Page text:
- Seven months later Mr & Mrs B contacted the Council about a bed bug infestation. The Council treated this as a new instance and charged another £40. At the second visit the officer said there was no evidence of an infestation, so no further treatment was required.
- Mr & Mrs B relied on this advice; their grandson stayed and got bad bed bug bites. Mr & Mrs B took the bed apart and found it was riddled with bed bugs, they believe the Council should have identified this problem. Mr & Mrs B have stored the bed in their garden, as they want the Council to remove it.
- The Council came back and completed further treatments to resolve the bed bug issue; the further treatments were included in the second £40 fee. I asked the Council why it didn’t treat the bed and mattress, the Council says its products can be used on those items, therefore whilst its system only records the rooms it treated, it says it did treat the bed. Mr & Mrs B dispute this and say the officer only said he was treating the mattress and carpet in three bedrooms.
- Mr & Mrs B made a complaint to the Council the treatment was inadequate, and the recording of information was conflicting. This is because the officer recorded ‘No activity noted treatment complete.’ And also because they say they were told over the telephone the case record said something different.
- Mr & Mrs B did not feel the Council conducted a thorough investigation of their complaint; they say it did not address their concerns.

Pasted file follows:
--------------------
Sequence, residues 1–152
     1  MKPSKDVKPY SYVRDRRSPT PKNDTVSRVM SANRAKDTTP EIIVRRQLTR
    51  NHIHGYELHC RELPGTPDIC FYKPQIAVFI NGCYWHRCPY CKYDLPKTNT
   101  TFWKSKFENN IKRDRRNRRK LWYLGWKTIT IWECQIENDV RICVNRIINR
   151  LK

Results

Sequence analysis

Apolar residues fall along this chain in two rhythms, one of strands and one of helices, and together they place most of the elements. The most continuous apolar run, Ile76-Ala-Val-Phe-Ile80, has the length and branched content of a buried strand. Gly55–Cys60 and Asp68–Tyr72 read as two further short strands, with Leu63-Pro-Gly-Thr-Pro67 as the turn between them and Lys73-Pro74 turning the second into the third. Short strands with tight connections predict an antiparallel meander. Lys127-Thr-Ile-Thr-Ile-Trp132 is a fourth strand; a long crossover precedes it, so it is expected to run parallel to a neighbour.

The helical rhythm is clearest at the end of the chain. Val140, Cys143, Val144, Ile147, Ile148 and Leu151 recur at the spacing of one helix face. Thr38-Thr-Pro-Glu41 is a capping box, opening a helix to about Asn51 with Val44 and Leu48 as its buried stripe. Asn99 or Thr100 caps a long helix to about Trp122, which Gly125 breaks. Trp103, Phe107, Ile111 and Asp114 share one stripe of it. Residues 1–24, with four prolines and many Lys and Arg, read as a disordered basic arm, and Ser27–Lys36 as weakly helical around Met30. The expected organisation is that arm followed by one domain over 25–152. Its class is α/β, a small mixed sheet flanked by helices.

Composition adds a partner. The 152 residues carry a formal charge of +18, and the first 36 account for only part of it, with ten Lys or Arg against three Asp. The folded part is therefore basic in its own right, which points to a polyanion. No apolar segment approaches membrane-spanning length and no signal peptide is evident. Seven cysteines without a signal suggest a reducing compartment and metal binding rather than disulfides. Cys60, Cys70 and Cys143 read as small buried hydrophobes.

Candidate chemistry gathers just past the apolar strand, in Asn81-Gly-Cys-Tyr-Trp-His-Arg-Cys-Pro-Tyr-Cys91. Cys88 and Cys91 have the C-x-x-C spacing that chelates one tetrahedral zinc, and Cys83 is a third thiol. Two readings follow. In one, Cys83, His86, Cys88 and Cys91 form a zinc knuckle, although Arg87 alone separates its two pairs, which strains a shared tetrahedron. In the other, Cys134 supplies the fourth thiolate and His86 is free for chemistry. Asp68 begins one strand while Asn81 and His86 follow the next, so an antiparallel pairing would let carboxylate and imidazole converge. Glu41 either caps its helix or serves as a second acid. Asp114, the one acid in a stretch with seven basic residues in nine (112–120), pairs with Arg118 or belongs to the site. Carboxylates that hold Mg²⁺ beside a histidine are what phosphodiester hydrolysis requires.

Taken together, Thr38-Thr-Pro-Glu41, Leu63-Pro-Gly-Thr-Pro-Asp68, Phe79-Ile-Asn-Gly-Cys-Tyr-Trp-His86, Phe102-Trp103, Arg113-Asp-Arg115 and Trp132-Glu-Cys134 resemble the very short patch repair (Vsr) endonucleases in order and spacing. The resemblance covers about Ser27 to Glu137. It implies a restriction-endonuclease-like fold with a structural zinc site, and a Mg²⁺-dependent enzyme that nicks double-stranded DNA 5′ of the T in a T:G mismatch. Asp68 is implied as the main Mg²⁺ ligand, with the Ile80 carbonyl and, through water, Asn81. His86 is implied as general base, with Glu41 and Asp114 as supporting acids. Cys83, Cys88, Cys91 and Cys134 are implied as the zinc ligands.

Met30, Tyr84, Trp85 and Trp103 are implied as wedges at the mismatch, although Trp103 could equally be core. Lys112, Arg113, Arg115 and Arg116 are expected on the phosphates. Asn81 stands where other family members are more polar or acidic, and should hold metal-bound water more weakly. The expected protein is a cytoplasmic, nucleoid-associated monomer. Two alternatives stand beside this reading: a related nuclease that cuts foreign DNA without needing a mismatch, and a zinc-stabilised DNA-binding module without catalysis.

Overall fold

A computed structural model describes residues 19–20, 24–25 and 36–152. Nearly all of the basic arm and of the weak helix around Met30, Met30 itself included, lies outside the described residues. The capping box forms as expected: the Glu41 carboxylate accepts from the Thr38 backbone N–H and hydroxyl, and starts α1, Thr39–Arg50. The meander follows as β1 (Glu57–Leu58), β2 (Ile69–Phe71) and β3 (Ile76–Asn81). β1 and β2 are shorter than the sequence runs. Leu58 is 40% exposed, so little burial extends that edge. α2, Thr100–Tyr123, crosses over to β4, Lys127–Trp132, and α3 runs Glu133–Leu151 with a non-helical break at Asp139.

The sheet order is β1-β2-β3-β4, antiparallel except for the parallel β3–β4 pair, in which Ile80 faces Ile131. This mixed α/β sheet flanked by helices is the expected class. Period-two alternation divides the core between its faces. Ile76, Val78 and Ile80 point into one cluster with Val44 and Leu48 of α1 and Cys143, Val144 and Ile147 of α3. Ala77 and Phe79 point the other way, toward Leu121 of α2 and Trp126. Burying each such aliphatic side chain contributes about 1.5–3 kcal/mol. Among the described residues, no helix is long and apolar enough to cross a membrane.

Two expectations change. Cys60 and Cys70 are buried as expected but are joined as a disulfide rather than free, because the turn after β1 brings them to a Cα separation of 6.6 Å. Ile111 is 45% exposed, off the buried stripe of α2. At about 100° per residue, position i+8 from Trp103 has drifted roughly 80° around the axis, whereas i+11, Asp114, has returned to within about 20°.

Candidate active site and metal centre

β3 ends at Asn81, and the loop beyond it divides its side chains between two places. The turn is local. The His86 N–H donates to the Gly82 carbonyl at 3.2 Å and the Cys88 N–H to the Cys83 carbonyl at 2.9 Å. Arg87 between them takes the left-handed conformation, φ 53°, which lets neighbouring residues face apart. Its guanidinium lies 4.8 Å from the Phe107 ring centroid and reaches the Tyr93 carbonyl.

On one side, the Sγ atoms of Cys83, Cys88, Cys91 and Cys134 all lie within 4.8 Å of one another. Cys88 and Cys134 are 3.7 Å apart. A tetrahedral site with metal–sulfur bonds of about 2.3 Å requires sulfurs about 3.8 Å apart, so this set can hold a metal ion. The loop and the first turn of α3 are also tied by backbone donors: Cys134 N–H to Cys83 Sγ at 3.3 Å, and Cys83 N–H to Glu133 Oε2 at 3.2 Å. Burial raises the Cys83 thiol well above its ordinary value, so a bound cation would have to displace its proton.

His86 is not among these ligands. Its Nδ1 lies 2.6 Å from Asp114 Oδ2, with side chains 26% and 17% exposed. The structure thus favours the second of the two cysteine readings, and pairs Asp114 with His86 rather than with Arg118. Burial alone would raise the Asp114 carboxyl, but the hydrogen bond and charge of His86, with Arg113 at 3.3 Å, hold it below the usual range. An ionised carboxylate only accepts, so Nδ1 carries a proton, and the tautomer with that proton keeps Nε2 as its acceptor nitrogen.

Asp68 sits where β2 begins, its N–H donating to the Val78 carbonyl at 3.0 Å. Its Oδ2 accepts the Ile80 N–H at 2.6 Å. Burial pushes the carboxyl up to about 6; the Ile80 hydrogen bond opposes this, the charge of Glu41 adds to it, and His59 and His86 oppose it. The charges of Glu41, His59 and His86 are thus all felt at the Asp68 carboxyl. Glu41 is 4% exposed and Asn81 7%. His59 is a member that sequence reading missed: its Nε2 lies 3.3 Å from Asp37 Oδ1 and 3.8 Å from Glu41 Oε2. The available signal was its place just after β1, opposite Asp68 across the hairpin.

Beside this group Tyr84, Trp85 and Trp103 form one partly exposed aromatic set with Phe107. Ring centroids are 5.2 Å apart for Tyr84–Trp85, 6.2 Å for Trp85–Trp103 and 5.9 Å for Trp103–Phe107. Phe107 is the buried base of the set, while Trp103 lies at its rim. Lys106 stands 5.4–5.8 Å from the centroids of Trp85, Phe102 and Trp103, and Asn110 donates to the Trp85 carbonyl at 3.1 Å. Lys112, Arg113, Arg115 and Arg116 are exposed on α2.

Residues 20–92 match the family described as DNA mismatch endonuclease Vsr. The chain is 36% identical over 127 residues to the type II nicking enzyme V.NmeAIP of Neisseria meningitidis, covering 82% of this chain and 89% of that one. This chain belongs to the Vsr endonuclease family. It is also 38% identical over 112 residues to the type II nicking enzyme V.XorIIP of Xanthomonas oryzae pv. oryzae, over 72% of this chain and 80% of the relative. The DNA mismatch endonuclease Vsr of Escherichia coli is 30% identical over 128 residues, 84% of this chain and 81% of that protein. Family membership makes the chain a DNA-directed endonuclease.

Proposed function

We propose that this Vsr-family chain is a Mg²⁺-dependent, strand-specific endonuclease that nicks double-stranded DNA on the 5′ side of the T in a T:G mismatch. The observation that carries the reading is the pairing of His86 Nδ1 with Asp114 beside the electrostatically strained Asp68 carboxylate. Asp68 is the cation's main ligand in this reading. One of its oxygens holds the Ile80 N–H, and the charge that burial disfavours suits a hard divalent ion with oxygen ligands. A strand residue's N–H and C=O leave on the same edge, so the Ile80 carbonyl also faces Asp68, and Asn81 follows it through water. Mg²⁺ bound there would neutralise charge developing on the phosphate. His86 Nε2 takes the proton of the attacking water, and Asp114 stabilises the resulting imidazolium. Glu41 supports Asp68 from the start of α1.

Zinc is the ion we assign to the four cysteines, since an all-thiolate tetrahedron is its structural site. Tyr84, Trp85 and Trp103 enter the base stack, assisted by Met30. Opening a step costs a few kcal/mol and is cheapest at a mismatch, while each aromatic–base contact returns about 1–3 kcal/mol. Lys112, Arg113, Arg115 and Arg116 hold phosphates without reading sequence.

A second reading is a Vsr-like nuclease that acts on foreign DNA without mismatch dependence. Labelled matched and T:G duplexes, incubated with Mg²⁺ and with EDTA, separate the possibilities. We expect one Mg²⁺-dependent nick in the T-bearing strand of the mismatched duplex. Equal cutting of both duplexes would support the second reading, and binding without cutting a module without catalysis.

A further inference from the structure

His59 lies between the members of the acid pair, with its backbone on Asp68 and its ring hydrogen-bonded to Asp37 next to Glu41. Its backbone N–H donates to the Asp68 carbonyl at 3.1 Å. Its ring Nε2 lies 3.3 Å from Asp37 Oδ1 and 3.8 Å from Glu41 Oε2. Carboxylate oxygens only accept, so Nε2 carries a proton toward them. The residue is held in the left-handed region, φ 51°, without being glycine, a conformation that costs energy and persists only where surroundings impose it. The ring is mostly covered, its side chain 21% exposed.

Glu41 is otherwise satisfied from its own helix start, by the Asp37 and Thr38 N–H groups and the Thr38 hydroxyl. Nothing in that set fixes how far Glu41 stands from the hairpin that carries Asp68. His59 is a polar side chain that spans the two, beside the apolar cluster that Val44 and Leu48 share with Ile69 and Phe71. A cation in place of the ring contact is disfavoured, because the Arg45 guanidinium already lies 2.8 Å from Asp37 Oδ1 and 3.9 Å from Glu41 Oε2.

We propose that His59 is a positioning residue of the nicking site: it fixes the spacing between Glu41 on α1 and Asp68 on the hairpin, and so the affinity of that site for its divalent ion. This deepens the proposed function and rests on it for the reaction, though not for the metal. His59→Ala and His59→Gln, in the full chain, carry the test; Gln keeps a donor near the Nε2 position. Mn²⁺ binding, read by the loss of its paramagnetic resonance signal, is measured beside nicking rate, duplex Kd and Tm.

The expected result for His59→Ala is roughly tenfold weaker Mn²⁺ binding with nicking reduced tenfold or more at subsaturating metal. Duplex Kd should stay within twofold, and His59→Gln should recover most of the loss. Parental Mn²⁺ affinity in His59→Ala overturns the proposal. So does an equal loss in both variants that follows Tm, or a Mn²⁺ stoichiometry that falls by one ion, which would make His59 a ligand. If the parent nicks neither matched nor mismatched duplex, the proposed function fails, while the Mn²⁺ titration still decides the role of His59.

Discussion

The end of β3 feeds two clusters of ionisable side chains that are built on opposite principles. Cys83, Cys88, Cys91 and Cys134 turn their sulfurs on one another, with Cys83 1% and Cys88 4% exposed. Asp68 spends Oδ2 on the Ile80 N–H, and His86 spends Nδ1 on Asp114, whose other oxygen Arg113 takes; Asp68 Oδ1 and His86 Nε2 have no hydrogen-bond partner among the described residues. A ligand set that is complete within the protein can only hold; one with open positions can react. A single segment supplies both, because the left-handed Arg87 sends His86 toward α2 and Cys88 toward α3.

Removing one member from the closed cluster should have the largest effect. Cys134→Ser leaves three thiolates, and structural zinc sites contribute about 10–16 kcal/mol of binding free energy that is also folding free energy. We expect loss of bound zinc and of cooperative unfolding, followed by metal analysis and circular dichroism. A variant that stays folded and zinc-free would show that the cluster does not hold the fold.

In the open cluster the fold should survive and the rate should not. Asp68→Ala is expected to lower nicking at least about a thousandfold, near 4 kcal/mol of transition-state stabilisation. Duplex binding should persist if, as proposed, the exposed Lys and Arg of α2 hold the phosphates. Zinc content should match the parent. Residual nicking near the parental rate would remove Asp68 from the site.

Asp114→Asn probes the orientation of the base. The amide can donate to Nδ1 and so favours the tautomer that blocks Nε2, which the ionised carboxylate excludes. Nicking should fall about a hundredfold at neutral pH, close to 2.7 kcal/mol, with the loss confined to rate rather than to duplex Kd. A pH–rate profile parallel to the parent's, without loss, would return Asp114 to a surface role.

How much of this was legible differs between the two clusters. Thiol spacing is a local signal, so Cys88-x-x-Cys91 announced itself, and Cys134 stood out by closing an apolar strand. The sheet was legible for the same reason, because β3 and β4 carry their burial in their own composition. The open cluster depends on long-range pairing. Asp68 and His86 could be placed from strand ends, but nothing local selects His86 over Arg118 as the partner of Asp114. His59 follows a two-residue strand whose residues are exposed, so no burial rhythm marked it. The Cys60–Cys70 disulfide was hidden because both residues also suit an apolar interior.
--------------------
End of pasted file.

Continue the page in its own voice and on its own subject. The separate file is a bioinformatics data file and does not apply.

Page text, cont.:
What should happen
- The Council’s information is conflicting. It says its standard approach is to complete at least three treatments, because it is recommended to be more effective as it overcomes the fact that unhatched eggs are not susceptible to the chemicals. But it also says the officer has discretion to decide what approach to use based on the evidence they find.
- The Council’s terms and conditions say “Where no number of visits is specified, the quoted price covers all visits required to clear the current infestation.” The Council says specifying such information is impossible to do upfront as the length of time will vary depending on the pest type and treatment used. It generally considers a new infestation has occurred where the customer doesn’t contact within the four-week period after the end of a treatment.
Was there fault causing injustice?
- In this case the Council accepts it was at fault not to complete the process of at least three treatments. It apologised to Mr & Mrs B, but did not specify what the apology was for. The Ombudsman’s guidance on remedies says for an apology to be meaningful it must both accept responsibility for the fault and acknowledge the impact this had on the complainant. An apology should also include an assurance that the same fault will not happen again and explain what steps have been taken to ensure this.
- Because the Council failed to complete the second treatment and said the bed bug infestation was dealt with, Mr & Mrs B allowed their grandson to stay. The child got badly bitten; this might not have happened if the Council had completed the full treatment. Mr & Mrs B certainly would not have let the child stay while treatment was ongoing. Although the Council apologised, I do not find the apology is specific as explained in paragraph 18.
- The Council has explained the logic for the treatment it provides, and while three treatments rather than one is more onerous for the person using the service, I do not find it is fault. There are good reasons for the Council’s decision to provide the service in this way. Other service providers are available should someone prefer a shorter treatment timescale or a different method of treatment.